Hydrotopia

Say goodbye to fossil fuels. Author and environmentalist Jeremy Rifkin explains why hydrogen is the next great power source.


Katharine Mieszkowski
September 24, 2002 11:30PM (UTC)

Imagine driving a car that not only doesn't pump out any greenhouse gas emissions, but also acts as a generator to power your house at night, and feeds any excess energy back to the power grid. It's a dream that goes by the name of "distributed generation" and it's based on the idea that hydrogen is the next great power source.

In the hydrogen future, owning such a car would mean that it would drive your house, when you weren't driving it. The car would be a kind of power plant on wheels, with a generating capacity of twenty kilowatts, all powered by hydrogen. Unlike fossil fuels, hydrogen is abundantly available everywhere and just needs to be extracted from a source like natural gas, gasoline or water. And unlike an electric car, which must be charged up at night by the electrical power grid, a hydrogen car would actually make its driver an energy producer.

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Sixteen prototypes of these wonder cars, which run on hydrogen and sometimes methanol, are already cruising around California. The California Fuel Cell Partnership, a research group that's testing the cars, recently held a fuel-cell car rally in Monterey. The partnership expects to have 60 of these cars on the road by the end of 2003.

For Jeremy Rifkin, author of "The Hydrogen Economy," hydrogen power is the next big thing, as big or bigger than the last big thing, the emergence of the Internet and the Web. And Rifkin sees a connection between the two. A future in which every car driver could also be an energy producer implies a power infrastructure that is fundamentally decentralized. When everyone becomes a buyer and a seller of power, the similarly decentralized Internet will be the medium that matches producers and consumers together.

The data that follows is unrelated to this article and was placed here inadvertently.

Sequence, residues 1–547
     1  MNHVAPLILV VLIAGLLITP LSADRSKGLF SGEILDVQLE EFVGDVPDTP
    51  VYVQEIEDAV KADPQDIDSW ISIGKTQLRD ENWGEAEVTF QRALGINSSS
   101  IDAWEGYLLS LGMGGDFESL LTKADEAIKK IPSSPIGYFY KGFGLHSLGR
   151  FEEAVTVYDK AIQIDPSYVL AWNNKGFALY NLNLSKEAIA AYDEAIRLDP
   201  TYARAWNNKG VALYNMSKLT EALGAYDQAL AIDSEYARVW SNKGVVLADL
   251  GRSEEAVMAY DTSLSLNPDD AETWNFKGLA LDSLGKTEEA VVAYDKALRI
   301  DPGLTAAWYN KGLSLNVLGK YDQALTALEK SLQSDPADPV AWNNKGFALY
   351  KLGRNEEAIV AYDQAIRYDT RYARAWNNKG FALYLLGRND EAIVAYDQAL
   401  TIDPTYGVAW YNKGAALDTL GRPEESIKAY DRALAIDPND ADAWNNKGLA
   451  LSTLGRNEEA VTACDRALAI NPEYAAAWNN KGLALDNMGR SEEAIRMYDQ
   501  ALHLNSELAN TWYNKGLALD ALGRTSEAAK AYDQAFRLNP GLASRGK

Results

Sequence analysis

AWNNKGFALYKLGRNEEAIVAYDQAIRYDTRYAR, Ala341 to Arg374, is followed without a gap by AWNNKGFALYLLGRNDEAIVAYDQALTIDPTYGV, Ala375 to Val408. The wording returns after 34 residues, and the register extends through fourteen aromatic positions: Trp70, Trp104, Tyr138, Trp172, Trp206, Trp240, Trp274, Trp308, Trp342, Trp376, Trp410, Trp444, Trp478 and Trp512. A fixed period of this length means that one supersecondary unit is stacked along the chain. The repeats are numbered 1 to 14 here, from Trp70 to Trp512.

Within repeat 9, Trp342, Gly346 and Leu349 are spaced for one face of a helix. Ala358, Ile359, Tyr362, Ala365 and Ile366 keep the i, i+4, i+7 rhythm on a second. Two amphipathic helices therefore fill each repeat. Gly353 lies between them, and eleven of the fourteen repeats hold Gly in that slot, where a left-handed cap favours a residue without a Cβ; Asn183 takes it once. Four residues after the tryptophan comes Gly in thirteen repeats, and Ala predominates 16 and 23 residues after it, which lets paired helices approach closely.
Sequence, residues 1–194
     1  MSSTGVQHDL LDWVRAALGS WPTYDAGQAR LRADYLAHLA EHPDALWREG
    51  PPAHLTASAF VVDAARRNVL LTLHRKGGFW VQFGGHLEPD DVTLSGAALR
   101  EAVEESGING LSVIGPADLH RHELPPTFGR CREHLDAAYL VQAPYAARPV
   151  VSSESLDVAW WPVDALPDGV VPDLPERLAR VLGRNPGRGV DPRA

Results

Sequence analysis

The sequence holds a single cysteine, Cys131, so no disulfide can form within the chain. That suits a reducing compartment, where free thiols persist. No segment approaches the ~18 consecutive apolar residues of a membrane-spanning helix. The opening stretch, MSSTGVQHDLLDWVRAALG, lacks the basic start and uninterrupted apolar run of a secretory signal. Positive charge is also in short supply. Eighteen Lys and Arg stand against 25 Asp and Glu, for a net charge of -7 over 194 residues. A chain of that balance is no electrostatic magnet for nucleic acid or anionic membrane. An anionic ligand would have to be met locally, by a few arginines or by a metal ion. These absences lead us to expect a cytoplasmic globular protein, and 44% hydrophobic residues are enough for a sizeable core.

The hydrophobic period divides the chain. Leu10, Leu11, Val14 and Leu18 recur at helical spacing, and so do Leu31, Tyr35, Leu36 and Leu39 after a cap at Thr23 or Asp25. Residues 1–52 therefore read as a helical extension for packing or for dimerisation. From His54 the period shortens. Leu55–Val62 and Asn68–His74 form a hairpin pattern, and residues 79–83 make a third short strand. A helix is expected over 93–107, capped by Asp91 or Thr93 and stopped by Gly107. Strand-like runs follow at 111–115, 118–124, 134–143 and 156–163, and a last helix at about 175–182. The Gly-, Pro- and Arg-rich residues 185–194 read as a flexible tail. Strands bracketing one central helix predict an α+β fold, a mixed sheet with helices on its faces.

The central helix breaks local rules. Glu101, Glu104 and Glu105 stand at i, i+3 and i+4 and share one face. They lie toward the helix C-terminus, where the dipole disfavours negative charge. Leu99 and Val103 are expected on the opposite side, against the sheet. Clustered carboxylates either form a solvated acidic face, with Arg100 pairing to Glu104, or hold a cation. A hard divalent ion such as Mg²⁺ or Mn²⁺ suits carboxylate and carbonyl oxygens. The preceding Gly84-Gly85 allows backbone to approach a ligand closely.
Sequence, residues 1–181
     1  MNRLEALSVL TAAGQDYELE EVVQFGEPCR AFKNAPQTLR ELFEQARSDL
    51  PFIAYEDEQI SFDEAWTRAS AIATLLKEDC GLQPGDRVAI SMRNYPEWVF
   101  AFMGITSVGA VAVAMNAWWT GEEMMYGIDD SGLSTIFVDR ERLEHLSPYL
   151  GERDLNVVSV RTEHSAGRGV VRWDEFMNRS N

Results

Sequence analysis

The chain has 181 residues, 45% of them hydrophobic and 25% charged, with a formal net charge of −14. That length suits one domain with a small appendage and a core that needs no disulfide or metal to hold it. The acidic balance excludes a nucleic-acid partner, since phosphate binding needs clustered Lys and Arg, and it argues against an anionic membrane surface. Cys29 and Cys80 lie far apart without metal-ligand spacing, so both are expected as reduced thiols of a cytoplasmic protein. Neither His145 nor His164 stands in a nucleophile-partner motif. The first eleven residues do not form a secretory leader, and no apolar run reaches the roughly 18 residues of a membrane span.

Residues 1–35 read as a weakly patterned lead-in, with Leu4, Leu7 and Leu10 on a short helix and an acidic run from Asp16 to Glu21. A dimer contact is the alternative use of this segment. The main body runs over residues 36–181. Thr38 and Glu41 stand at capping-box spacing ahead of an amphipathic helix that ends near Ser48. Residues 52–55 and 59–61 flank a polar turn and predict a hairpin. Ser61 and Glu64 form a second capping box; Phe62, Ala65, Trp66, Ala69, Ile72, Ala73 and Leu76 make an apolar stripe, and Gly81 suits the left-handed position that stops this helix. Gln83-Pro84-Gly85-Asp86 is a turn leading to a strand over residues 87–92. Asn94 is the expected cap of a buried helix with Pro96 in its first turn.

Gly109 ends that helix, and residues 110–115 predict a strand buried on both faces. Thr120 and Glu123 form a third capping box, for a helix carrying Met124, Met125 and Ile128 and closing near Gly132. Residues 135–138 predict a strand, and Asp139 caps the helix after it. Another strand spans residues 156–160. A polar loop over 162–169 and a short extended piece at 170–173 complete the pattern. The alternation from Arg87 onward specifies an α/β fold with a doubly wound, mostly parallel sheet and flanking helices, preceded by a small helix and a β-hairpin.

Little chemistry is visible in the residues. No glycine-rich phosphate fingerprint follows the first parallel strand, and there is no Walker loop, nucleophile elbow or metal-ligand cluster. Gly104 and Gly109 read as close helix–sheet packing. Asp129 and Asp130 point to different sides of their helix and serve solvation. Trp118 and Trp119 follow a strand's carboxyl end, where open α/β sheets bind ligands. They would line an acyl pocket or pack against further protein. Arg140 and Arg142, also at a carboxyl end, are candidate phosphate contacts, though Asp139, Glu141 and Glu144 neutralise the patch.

But is hydrogen really a clean-cut chemical Prince Charming destined to rescue us from the triple-threat evil stepsisters of greenhouse gas emissions, global warming and dependence on foreign oil? Or is it yet another false idol, perpetually a decade off in the future, put forth by car and energy companies to soothe our fears about the environment and geopolitical unrest, while they go about their usual business burning up the same old suspect fossil fuels?

Rifkin spoke to Salon by phone and explained his views on the potential of hydrogen power. It won't be easy, he says, but just imagining the possibility is the first step to achieving the dream.

Where do things stand now with hydrogen power?

GE and other companies are moving to hydrogen fuel cells for home use by next year. This is just about where the P.C. and the Internet revolution was in the '80s; in other words, it's beyond the point of pure R&D, but just at the very beginning of market penetration. There are about 850 companies rushing into this. And for stationary fuel cells, we have 30 states that now mandate that if you generate energy at the end of the line with renewable [power sources], they've got to accept your energy back to the power grid. There's also legislation nationally in the U.S. that would make the whole power grid open.

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You will also see it in cartridges for laptops and cell phones. Motorola is doing a methane fuel cell, others are doing hydrogen. You'll be able to power-up your cellphone for 40 days. That's in the next year or so. That's when the public will be acquainted with fuel cells.